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Cognitive technology can be used to support human thinking and the process of decision making but critical decisions involving people will be taken by humans.

By Uma Ganesh

Cognitive computing which is a combination of cognitive science and computer science provides the organisation the pathway to achieve artificial intelligence. It has the capability to assimilate facts around the problems posed and find resolutions, very similar to how humans would approach problems by grasping the details, using logic and previous experience to think through the issues at hand and use appropriate facts and knowledge to arrive at a solution.

 According to IBM, “Cognitive systems are those that learn at scale, reason with purpose and interact with humans naturally.” These systems have the ability to adapt and are dynamic in nature, interact with the users with ease and identify their needs and the data sources deliver reliable and current analysis.

The recent report of IBM Institute for Business Value highlights that three core processes of HR domain, namely talent acquisition and onboarding, talent development and HR operations would derive the most advantage from cognitive computing. With cognitive support, talent acquisition team is able to sort multiple data sources and make sense of unstructured data to get better insights about the candidates and arrive at a list of candidates who best fit the requirements in the shortest possible time.

Cognitive systems are capable of creating customised career pathways and identifying learning objects connected with the specific competencies to be developed thus making learning more relevant and the outcomes purposeful. HR operations are getting streamlined with cognitive capabilities as accurate and up-to-date information is being made available for effective and timely decision making. Virtual agents are being coached to address the routine employee queries, thus freeing up the HR professionals to attend to more complex and demanding tasks.

In the context of digital transformation journey that organisations are undertaking, the fundamental focus would be around the cognitive dimension leading to understanding the needs of the customers, the employees and other stakeholders and being able to influence changes. Thus the phenomenon of cognition becoming intrinsic with every function is being experienced by most organisations.

A cognitive system is able to handle significantly more number of variables as compared to human cognition as a result of which decision making is likely to become more and more accurate. This calls for individuals to be able to interpret the data and derive better insights and clarity for reaching conclusions. Therefore the focus of retraining or upskilling would be not just to provide new knowledge with respect to the digital journey, but equip the employees with ‘learnability’—i.e., to provide the requisite cognitive skills to unlearn and learn new ways of functioning and develop the ability to interpret and make sense of things that are confusing, complex or contradictory.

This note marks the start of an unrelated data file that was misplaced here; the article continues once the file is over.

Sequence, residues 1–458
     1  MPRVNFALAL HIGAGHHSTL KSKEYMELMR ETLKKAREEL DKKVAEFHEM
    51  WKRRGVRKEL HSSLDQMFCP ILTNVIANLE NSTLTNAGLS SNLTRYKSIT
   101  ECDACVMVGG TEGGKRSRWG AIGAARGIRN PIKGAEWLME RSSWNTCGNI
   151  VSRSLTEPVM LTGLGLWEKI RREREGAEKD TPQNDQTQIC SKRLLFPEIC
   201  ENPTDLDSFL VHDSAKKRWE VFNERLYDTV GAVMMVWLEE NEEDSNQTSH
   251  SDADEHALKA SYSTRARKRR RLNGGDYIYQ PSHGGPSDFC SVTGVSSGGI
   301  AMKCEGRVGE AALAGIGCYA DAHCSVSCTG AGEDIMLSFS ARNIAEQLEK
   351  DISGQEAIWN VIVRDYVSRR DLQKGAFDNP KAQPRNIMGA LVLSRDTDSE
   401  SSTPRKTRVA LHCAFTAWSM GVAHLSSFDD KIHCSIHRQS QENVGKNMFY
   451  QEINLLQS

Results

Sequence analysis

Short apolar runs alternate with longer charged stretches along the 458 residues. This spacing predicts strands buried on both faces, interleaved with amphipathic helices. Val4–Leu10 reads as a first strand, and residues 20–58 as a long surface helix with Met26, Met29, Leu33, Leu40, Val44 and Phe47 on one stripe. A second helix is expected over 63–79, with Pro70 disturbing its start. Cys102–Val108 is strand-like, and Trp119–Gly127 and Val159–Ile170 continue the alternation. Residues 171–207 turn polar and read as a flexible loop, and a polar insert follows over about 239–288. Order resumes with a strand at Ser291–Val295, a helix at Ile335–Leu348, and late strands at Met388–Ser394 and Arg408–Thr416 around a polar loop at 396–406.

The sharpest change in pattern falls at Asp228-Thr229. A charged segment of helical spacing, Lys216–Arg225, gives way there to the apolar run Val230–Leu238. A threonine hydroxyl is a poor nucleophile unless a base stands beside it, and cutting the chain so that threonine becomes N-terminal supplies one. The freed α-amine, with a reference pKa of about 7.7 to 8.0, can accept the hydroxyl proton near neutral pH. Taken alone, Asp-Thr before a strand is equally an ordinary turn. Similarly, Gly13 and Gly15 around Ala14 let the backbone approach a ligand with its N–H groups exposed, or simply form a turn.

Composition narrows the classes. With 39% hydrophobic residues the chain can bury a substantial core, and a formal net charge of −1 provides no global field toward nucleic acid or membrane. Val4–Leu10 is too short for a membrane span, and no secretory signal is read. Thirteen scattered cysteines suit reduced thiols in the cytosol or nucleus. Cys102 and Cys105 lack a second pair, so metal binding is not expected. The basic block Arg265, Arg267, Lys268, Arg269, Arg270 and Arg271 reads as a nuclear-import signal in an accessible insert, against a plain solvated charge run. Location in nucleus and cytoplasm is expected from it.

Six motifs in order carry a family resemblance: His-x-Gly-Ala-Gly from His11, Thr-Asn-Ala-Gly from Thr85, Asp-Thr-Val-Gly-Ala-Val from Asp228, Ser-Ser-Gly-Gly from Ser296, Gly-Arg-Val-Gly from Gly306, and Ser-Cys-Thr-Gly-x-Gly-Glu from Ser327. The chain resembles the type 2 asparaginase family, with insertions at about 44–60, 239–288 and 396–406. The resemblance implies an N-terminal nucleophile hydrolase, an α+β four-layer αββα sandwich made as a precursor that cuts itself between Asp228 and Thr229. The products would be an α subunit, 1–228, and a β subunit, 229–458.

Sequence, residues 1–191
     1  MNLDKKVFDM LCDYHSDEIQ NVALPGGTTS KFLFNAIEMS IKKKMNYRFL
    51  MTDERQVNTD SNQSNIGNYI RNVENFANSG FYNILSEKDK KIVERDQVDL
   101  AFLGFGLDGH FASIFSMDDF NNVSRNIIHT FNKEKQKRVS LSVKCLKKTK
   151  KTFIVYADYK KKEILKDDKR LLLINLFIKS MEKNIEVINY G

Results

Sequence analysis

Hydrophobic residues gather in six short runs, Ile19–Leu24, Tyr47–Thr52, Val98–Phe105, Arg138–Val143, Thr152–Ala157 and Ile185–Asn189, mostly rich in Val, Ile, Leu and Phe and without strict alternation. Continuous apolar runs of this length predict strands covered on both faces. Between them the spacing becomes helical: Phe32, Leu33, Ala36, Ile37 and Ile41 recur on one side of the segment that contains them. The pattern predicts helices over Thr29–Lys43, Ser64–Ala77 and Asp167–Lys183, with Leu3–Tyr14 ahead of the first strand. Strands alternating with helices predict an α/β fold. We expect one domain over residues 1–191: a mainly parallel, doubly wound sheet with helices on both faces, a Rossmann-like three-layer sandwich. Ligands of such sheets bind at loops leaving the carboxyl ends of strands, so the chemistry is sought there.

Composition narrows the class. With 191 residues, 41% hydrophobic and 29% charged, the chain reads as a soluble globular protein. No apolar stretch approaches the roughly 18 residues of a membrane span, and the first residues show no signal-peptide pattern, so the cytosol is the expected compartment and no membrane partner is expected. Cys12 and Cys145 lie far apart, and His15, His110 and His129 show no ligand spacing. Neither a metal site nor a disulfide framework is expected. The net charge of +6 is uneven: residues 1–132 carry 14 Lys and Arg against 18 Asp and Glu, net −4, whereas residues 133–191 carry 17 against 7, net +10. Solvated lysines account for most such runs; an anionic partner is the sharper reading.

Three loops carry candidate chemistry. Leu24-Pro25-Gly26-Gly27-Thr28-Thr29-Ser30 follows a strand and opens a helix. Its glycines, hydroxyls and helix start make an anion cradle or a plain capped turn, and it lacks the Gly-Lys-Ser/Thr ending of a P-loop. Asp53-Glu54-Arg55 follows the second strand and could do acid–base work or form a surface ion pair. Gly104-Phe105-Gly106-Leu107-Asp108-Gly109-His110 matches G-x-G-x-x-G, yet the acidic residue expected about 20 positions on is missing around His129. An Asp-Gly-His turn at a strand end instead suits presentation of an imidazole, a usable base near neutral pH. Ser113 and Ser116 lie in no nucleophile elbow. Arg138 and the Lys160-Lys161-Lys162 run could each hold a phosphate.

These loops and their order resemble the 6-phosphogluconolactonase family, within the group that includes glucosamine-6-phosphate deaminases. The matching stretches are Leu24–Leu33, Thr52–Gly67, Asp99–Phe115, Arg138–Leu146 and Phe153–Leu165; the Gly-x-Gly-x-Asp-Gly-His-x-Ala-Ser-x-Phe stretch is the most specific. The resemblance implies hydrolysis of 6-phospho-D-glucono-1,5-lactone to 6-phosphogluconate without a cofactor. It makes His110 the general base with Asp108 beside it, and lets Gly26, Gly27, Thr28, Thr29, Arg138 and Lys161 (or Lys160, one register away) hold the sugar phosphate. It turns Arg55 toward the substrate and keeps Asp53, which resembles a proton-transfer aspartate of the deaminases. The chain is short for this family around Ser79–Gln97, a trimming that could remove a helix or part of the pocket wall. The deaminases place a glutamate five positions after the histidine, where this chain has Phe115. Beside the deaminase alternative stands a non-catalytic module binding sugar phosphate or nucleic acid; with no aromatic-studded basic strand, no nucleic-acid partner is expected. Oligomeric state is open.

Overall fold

The challenges of dealing with huge volumes of data have created a strong case for systems that are clearly better equipped than the human beings. In recent times, one of the main challenges faced is in learning how to process the user generated contents such as texts, audio and images and organizing them in meaningful ways. This is where AI concepts and psychology come together and cognitive computing gets guidance about various psychological phenomena. This would allow in understanding the intent and aspirations of the employees better and help build strategies for effective employee engagement.

There are challenges too with cognitive computing that we should be cognizant of. The intelligence of the cognitive systems are restricted to the data around which they are built and are unable to analyse all the associated risks and consider unstated socio economic, cultural factors. Huge amount of time needs to be spent in training.

While the cognitive systems can be trained to respond to complex problems and even situations with ambiguity, they should be viewed as necessary support for augmenting the HR function rather than replacing the function or lose the human touch. The scope of present cognitive technology is limited to engagement and decision and they could be used to support human thinking and the process of decision making but critical decisions involving people would continue to be taken by humans.

The writer is CEO, Global Talent Track, a corporate training solutions company

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